The Bonne Terre City Council recently heard an update on the UV system at the sewage treatment plant and received news that a wrong system that was installed will be replaced.
Bonne Terre Public Works Director Shawn Kay said they have talked at length about the ultraviolet (UV) treatment system for the state correctional facility at the northeast wastewater treatment plant and he, City Administrator Jim Eaton, soon to be new plant operator Kaleb Politte, Building Inspector Dwayne Hackworth and Alliance Local Manager Frank Steward all had an opportunity to sit down with Joe Beffa of Vandevanter Engineering.
Alliance is a provider of professional operations and maintenance services for community water and wastewater systems throughout the state. They professionally manage and operate water and wastewater systems and districts including Bonne Terre's sewer system. Their contract will end with the city as of Oct. 1, at which time the city will oversee operations internally.
“Essentially what Vandevanter is telling us is that when they were originally trying to get this project off the ground they were given a flow rate, a max flow rate of 955,000 gallons per day. That was given to them by Alliance’s former operator.”
Kay said that after they installed a new system they found it was not up to the actual flow of the system, so the trough that was installed is too small. He said their solution is to not charge the city for the original trough or installation.
“What they are asking us to do is buy the larger trough and pay for the installation,” Kay explained. “Ultimately what it works out to for us is a $1,534 difference from the original contract to this new solution.”
Eaton said they will be getting more treatment capacity in the end. Kay said it will now be able to handle 1.25 million gallons per day.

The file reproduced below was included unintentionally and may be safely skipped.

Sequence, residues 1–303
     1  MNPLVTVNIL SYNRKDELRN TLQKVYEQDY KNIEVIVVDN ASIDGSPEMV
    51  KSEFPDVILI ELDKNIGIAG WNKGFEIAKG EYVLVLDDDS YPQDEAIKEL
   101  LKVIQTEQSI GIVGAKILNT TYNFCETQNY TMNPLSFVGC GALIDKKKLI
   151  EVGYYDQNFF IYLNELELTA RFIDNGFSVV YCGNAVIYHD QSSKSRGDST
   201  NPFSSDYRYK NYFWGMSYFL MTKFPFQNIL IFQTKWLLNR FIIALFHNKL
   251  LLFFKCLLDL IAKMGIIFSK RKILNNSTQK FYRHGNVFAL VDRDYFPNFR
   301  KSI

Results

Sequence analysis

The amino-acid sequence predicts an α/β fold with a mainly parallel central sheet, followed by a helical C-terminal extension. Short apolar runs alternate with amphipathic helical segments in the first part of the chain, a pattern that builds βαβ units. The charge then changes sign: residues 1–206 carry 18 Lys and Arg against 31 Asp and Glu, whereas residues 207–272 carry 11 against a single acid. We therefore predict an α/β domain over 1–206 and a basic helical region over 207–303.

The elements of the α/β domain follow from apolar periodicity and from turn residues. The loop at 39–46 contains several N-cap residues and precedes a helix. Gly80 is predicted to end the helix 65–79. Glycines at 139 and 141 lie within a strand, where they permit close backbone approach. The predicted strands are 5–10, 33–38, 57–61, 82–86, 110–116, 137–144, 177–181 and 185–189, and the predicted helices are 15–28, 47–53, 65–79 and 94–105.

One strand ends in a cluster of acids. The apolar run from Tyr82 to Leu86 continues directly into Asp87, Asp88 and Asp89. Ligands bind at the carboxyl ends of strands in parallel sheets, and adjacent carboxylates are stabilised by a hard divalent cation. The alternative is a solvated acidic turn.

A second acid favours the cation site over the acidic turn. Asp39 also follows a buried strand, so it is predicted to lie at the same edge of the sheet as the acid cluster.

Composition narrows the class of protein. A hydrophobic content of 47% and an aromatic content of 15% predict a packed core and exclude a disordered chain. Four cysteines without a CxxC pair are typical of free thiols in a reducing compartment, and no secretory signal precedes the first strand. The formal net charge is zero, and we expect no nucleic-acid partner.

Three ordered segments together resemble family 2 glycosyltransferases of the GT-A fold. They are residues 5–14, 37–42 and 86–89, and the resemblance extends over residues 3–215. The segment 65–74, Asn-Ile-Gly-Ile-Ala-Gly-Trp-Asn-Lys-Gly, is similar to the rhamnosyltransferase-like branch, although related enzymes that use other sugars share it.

Alderwoman Andrea Richardson asked to be sure that they weren’t being charged for the original installation and they are just going to be charged for the new trough and installation.
Kay confirmed that is that case.
Steward spoke up and said it came up to a little more than $16,000, but in the original contract there was less than $16,000 that was not used, so once all is factored in the city would only owe about $1,500.
The new trough is going to require the existing concrete trough be modified to fit a stainless steel weir in place. A weir slows the flow so there is more contact time with the water and the UV lamps responsible for good disinfection.
One other thing Eaton said is needed is the installation of a bypass.
“In addition to this project, there is no bypass so we can work on the UV system, clean it, or for all intents and purposes take it out of action throughout the winter when we aren’t required to have it,” Kay said. “So in addition to doing this project, we are going to take on building a bypass so we can route the water around the UV system and hopefully save some mileage on it.”
The city has been dealing with UV system problems for more than a year-and-a-half now.
While the water is currently being treated and the levels are within an acceptable range, they need to have the correct system in place for proper disinfection.